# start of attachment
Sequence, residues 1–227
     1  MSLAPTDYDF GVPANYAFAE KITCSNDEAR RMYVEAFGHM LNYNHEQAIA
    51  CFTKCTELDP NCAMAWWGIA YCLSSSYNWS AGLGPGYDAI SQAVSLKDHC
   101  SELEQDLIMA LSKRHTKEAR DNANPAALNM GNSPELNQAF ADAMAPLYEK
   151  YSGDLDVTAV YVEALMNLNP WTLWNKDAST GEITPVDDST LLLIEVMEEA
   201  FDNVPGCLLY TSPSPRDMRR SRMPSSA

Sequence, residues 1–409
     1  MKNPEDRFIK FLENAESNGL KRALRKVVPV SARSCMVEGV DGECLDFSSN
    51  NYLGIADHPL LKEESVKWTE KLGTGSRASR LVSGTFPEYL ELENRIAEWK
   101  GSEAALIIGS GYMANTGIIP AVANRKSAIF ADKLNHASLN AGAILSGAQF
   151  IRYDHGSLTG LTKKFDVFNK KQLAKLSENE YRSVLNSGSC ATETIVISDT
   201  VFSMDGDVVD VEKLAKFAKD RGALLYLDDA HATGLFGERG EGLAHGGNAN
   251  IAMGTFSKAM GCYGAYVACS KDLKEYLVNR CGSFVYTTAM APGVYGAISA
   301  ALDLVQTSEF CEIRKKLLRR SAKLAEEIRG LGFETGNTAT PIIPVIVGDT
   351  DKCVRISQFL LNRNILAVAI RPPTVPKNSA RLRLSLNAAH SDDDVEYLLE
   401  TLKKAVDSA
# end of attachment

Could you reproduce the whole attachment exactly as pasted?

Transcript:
Sequence, residues 1–227
     1  MSLAPTDYDF GVPANYAFAE KITCSNDEAR RMYVEAFGHM LNYNHEQAIA
    51  CFTKCTELDP NCAMAWWGIA YCLSSSYNWS AGLGPGYDAI SQAVSLKDHC
   101  SELEQDLIMA LSKRHTKEAR DNANPAALNM GNSPELNQAF ADAMAPLYEK
   151  YSGDLDVTAV YVEALMNLNP WTLWNKDAST GEITPVDDST LLLIEVMEEA
   201  FDNVPGCLLY TSPSPRDMRR SRMPSSA

Sequence, residues 1–409
     1  MKNPEDRFIK FLENAESNGL KRALRKVVPV SARSCMVEGV DGECLDFSSN
    51  NYLGIADHPL LKEESVKWTE KLGTGSRASR LVSGTFPEYL ELENRIAEWK
   101  GSEAALIIGS GYMANTGIIP AVANRKSAIF ADKLNHASLN AGAILSGAQF
   151  IRYDHGSLTG LTKKFDVFNK KQLAKLSENE YRSVLNSGSC ATETIVISDT
   201  VFSMDGDVVD VEKLAKFAKD RGALLYLDDA HATGLFGERG EGLAHGGNAN
   251  IAMGTFSKAM GCYGAYVACS KDLKEYLVNR CGSFVYTTAM APGVYGAISA
   301  ALDLVQTSEF CEIRKKLLRR SAKLAEEIRG LGFETGNTAT PIIPVIVGDT
   351  DKCVRISQFL LNRNILAVAI RPPTVPKNSA RLRLSLNAAH SDDDVEYLLE
   401  TLKKAVDSA